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ISSN  2096-3955

CN  10-1502/P

Citation: HuaYu Zhao, Xu-Zhi Zhou, Ying Liu, Qiu-Gang Zong, Robert Rankin, YongFu Wang, QuanQi Shi, Xiao-Chen Shen, Jie Ren, Han Liu, XingRan Chen, 2019: Poleward-moving recurrent auroral arcs associated with impulse-excited standing hydromagnetic waves, Earth and Planetary Physics. doi: 10.26464/epp2019032

doi: 10.26464/epp2019032


Poleward-moving recurrent auroral arcs associated with impulse-excited standing hydromagnetic waves


School of Earth and Space Sciences, Peking University, Beijing 100871, China


Department of Physics, University of Alberta, Edmonton, Alberta T6G2J1, Canada


School of Space Science and Physics, Shandong University, Weihai 264209, China


Center for Space Physics, Boston University, Boston, Massachusetts 02215, USA

Corresponding author: Xu-Zhi Zhou,

Received Date: 2019-04-18
Web Publishing Date: 2019-07-01

In Earth's high-latitude ionosphere, the poleward motion of east–west elongated auroral arcs has been attributed to standing hydromagnetic waves, especially when the auroral arcs appear quasi-periodically with a recurrence time of a few minutes. The validation of this scenario requires spacecraft observations of ultra-low-frequency hydromagnetic waves in the magnetosphere and simultaneous observations of poleward-moving auroral arcs near the spacecraft footprints. Here we present the first observational evidence from the multi-spacecraft THEMIS (Time History of Events and Macroscale Interactions during Substorms) mission and the conjugated all-sky imager to support the scenario that standing hydromagnetic waves can generate the quasi-periodic appearance of poleward-moving auroral arcs. In this specific event, the observed waves were toroidal branches of the standing hydromagnetic waves, which were excited by a pulse in the solar wind dynamic pressure. Multi-spacecraft measurements from THEMIS also suggest higher wave frequencies at lower L shells (consistent with the distribution of magnetic field line eigenfrequencies), which indicates that the phase difference across latitudes would increase with time. As time proceeds, the enlarged phase difference corresponds to a lower propagation speed of the auroral arcs, which agrees very well with the ground-based optical data.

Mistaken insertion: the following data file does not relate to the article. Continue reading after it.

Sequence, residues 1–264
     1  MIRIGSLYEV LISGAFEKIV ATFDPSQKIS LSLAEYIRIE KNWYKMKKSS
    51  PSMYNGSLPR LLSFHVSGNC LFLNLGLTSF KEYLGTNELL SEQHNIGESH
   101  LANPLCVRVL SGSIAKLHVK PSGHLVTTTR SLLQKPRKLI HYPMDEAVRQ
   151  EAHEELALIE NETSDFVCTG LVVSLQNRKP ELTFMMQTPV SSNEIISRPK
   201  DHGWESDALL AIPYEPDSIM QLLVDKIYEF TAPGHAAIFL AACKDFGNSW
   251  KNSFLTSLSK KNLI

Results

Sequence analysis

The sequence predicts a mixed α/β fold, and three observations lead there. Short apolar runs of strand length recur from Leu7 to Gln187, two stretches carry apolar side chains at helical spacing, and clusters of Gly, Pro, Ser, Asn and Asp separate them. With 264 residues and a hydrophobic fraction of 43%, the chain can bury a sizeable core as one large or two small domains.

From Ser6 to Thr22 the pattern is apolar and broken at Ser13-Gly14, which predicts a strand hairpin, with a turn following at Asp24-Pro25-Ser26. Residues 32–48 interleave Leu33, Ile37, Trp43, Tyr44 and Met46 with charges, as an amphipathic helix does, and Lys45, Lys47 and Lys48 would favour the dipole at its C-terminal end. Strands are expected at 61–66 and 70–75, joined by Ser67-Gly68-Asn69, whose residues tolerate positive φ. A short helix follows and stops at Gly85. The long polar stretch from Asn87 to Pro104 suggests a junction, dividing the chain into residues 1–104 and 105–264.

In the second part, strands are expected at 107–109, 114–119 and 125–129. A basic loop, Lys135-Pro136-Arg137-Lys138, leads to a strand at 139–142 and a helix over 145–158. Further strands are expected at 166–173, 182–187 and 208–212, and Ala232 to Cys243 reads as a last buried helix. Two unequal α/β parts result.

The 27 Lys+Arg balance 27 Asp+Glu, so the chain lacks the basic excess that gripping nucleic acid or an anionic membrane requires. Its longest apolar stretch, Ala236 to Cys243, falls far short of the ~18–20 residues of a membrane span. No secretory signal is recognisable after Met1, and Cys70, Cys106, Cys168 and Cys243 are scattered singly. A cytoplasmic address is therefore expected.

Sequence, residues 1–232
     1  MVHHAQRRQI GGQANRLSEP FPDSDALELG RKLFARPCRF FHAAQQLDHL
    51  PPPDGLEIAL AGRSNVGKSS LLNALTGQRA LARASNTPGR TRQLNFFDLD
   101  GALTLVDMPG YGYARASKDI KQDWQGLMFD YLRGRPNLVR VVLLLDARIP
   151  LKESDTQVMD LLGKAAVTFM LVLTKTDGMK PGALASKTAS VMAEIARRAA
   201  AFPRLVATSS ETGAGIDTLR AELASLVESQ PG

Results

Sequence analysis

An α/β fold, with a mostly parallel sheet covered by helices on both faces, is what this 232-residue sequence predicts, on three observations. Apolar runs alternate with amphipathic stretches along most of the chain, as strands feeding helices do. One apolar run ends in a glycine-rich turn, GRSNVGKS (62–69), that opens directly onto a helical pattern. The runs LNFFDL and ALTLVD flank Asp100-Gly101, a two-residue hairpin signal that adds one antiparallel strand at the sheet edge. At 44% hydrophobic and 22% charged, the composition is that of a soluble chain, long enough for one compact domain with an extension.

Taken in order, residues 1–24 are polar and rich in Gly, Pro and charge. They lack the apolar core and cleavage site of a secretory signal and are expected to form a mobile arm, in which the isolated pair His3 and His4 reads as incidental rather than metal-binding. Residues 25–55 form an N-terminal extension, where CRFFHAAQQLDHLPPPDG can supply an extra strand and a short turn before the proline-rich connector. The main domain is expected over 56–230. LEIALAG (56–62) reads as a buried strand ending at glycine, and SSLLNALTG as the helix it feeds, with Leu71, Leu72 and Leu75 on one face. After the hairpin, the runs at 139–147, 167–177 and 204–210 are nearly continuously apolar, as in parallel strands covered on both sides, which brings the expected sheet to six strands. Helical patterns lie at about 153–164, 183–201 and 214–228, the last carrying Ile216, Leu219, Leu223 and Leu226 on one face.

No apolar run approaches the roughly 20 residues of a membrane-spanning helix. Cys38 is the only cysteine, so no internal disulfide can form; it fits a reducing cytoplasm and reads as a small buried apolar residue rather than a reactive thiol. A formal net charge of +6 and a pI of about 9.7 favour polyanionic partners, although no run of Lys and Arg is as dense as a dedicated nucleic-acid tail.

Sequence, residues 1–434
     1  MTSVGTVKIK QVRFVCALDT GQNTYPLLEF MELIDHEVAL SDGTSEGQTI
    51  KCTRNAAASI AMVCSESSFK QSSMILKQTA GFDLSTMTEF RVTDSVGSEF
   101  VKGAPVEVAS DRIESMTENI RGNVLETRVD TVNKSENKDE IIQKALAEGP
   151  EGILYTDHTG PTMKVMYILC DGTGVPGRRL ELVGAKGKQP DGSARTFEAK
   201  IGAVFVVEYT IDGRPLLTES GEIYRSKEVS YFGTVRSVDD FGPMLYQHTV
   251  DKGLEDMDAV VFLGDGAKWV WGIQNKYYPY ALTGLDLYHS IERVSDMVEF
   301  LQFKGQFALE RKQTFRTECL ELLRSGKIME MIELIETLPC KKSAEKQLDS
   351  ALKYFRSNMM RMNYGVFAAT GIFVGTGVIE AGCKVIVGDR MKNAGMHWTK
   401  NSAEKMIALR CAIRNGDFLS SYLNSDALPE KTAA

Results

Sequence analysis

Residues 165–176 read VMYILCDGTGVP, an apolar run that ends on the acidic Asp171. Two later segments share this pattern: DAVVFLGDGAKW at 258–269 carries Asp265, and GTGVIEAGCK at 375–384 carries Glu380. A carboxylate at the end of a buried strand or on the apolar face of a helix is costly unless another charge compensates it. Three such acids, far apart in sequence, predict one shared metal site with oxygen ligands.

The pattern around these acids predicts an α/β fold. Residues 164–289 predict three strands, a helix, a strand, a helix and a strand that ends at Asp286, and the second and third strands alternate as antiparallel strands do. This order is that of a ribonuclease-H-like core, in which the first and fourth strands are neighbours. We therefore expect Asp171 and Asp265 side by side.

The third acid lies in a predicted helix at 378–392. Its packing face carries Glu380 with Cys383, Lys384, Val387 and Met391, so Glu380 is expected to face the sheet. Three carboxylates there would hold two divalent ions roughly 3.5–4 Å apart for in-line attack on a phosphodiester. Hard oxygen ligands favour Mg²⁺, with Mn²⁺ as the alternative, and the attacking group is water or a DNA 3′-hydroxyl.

Key words: poleward-moving auroral arcs, ULF waves, standing hydromagnetic waves, field-aligned currents, solar wind dynamic pressure pulse

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Poleward-moving recurrent auroral arcs associated with impulse-excited standing hydromagnetic waves

HuaYu Zhao, Xu-Zhi Zhou, Ying Liu, Qiu-Gang Zong, Robert Rankin, YongFu Wang, QuanQi Shi, Xiao-Chen Shen, Jie Ren, Han Liu, XingRan Chen